A tag brings Henare back in, but despite landing a leaping shoulder tackle to Naito, he’s quickly back on the defensive as Naito fights out of a suplex. A missed neckbreaker’s turned into a tornado DDT… which Henare blocks and turns into a suplex, ahead of a spear takedown for a near-fall. From there, BUSHI and Taguchi run in, but a swinging neckbreaker from BUSHI gets rid of Taguchi, allowing LIJ to double-team Henare, leading to an inevitable Destino for Henare. By the numbers, but let’s be honest, none of these undercard tags have done that much to build up individual block matches – there’s just too much on this tour! **¾
Best of the Super Junior 26, Block A: TAKA Michinoku vs. SHO
Taichi’s out with TAKA, because of course he is… and if you think he’s just doing japanese commentary, did you not watch on Thursday??
Both these men are 0-2 coming in, and with SHO’s first two matches being draining… could this be easy pickings for TAKA? SHO’s got his ear taped up after his cauliflowered ear bled on Thursday, while his right elbow was also bandaged after an awkward spill from a tope suicida.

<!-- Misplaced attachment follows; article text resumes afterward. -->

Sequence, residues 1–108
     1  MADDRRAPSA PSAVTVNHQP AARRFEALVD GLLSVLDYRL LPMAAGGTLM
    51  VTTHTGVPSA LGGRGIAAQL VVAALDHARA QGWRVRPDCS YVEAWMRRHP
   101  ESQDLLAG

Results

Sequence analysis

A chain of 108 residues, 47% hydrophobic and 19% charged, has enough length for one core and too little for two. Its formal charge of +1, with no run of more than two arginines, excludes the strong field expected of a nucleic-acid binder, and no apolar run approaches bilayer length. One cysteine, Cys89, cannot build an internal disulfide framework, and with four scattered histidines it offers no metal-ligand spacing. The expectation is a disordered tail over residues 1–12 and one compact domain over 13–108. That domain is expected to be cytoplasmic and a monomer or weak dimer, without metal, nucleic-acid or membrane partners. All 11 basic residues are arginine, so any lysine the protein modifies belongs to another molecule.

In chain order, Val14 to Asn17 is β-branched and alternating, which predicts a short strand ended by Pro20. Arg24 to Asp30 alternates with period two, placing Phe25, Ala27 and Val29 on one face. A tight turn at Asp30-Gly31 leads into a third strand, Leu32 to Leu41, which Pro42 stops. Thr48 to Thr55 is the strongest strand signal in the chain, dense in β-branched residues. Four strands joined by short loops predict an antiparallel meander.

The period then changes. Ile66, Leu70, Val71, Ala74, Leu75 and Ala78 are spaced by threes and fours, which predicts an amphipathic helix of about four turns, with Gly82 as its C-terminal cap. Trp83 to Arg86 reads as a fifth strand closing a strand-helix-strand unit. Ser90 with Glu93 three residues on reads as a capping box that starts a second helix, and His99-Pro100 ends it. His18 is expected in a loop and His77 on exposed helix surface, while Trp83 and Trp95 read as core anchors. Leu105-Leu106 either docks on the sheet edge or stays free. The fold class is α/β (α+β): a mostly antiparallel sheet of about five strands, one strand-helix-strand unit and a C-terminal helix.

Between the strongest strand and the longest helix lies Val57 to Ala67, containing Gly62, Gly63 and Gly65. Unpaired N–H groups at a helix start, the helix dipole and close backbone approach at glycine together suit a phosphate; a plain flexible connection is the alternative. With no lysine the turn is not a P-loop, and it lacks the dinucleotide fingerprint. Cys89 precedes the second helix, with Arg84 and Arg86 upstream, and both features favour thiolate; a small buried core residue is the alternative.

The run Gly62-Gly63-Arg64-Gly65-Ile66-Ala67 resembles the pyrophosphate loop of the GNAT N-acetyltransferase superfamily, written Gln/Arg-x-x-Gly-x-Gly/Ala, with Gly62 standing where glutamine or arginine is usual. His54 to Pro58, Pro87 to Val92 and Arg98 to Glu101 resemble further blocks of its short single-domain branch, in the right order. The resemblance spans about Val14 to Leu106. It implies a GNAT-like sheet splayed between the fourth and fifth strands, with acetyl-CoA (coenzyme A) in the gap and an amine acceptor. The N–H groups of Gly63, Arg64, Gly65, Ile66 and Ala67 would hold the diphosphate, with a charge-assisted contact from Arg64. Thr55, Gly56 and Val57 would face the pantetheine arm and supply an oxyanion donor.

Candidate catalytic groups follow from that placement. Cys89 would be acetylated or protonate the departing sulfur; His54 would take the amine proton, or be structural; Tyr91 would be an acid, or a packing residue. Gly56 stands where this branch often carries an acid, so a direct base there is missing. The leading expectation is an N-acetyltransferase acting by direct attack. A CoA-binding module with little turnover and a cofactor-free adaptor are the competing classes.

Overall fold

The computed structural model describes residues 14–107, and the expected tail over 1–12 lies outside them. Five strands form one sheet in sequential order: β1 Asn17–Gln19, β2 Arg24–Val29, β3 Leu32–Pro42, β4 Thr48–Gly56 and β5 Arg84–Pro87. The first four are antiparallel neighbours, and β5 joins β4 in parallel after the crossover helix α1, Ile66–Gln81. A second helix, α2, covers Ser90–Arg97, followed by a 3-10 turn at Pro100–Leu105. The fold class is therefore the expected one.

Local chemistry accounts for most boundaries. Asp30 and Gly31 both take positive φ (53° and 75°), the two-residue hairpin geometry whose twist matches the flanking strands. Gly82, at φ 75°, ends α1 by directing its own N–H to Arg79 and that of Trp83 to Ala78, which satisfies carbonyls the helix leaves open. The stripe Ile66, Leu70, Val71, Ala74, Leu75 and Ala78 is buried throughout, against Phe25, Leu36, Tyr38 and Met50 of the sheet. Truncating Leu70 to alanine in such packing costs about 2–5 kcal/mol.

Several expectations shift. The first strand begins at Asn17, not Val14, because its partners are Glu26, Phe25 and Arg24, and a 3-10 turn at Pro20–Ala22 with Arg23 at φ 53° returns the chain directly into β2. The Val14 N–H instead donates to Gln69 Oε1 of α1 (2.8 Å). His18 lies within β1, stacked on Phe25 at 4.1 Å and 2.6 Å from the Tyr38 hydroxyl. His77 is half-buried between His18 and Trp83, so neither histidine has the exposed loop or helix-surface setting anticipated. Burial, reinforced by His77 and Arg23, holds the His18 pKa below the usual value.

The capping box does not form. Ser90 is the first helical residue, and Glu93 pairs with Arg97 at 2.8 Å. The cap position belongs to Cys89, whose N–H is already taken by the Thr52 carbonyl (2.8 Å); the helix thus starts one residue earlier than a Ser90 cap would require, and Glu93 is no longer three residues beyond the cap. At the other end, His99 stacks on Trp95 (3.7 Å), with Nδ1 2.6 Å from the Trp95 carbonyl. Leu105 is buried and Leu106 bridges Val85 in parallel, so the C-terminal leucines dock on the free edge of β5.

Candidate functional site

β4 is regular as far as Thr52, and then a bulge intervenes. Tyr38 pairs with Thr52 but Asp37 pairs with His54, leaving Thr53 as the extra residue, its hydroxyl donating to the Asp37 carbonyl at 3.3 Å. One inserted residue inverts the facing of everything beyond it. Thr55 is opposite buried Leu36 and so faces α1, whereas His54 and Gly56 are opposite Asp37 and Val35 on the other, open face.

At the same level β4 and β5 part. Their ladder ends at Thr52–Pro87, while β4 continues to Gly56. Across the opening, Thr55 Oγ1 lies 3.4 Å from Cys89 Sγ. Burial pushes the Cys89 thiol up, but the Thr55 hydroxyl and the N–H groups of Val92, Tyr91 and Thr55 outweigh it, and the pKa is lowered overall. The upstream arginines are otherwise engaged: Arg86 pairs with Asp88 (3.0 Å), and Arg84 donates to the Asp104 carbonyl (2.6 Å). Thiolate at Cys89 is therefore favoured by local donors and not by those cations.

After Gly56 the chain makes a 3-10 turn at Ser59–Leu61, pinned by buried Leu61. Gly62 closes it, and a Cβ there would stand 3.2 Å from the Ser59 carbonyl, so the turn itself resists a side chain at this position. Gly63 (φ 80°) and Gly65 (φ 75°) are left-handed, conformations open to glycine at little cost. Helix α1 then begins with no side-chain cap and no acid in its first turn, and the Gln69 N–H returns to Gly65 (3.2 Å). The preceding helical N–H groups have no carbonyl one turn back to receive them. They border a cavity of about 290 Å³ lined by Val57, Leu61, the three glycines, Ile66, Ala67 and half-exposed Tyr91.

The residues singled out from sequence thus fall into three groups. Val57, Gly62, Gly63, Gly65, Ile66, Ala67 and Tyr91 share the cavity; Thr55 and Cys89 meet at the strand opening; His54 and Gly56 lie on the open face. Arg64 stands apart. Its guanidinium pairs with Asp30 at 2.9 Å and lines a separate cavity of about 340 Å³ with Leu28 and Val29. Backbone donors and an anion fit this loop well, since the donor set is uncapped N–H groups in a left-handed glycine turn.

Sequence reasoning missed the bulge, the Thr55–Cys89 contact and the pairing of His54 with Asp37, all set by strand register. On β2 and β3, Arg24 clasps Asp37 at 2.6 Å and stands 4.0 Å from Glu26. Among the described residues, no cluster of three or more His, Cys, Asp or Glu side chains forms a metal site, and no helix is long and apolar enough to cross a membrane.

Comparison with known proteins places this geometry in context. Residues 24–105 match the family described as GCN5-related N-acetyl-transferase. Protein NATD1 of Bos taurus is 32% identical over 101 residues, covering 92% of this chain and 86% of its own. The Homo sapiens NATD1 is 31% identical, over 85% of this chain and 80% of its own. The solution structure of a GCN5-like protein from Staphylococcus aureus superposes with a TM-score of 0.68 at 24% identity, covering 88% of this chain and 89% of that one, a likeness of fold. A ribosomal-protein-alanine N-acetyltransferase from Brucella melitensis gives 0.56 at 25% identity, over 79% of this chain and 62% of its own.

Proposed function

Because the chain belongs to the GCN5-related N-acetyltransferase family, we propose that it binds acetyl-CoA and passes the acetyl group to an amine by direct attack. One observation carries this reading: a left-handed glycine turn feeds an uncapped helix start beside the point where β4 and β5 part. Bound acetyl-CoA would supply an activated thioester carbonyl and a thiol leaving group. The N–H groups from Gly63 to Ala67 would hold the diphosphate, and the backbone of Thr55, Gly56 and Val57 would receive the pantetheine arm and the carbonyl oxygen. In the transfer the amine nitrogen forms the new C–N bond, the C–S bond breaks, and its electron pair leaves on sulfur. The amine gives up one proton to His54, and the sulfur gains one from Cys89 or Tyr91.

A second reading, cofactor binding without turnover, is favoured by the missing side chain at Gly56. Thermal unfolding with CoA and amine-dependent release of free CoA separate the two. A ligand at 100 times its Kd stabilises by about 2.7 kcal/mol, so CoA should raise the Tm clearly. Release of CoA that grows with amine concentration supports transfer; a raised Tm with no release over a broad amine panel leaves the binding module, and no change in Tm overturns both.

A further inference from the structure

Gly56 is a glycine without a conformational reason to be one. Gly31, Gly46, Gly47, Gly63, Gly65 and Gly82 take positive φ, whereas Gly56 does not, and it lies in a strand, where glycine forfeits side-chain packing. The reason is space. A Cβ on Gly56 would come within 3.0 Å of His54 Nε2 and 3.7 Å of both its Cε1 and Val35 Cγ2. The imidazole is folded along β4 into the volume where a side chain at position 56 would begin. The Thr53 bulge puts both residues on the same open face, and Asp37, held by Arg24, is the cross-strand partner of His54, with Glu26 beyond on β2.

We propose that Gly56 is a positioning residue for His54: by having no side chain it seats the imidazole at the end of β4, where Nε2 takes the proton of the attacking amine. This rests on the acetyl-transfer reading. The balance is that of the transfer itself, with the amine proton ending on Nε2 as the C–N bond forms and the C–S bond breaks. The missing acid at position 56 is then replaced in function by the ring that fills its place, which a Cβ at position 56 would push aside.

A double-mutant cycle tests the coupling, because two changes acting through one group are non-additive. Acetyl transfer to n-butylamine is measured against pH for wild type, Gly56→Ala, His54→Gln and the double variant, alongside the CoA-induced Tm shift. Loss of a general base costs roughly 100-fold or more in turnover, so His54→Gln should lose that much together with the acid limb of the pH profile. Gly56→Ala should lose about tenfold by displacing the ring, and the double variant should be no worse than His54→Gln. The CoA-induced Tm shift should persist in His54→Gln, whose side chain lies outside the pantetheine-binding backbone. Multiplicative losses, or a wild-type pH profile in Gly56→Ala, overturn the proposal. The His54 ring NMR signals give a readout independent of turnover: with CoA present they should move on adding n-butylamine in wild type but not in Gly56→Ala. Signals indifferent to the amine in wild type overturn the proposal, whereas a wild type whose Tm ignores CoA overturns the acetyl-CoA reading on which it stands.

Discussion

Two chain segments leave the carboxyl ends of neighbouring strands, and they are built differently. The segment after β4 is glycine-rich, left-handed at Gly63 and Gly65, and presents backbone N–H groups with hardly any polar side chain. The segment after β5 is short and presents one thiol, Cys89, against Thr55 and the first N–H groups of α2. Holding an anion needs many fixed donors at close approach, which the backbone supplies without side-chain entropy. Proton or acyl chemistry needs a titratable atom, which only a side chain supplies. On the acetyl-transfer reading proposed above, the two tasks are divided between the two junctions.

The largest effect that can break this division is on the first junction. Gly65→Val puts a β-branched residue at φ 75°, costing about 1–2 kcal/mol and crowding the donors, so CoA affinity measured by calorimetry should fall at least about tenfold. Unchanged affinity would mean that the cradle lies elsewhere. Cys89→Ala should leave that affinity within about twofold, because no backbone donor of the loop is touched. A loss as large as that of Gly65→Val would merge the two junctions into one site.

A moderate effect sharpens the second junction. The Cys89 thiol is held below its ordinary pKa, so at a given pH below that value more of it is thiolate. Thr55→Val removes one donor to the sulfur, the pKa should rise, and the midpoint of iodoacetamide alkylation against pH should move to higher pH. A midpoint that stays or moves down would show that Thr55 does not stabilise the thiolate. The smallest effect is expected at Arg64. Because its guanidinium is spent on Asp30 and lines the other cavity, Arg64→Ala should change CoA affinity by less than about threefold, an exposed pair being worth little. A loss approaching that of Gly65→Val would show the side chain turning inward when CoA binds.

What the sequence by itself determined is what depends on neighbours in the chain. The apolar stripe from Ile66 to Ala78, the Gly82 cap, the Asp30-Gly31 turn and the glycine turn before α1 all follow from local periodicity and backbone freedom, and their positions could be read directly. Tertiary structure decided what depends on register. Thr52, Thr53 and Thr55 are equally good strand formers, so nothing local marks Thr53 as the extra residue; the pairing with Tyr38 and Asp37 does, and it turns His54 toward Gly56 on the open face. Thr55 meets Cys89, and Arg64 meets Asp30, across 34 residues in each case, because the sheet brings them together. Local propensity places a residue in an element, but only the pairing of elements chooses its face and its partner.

The early going is a little muted, with SHO looking for a wristlock on TAKA, but it was TAKA who got the early offence, working over SHO’s injured arm, going for an armbar by the ropes… and again… before SHO fought back with a suplex. That right arm’s causing major issues for SHO, so he comes in with a spear for a quick two-count instead, before he hauled up TAKA for a German suplex attempt… only for TAKA to slip free and take him down into a Bully choke. Again, by the ropes. TAKA spams the Bully Choke again, as I wonder if he’s playing Fire Pro and only knows two moves, as yet again, SHO makes the ropes. SHO’s back with rolling Germans, only for TAKA to flip out of the third one before he ran into a lariat. From there, TAKA slips out of a Shock Arrow and rolls up SHO for a near-fall, then goes to a La Magistral, then a Bully Choke before SHO dragged himself to that bottom rope.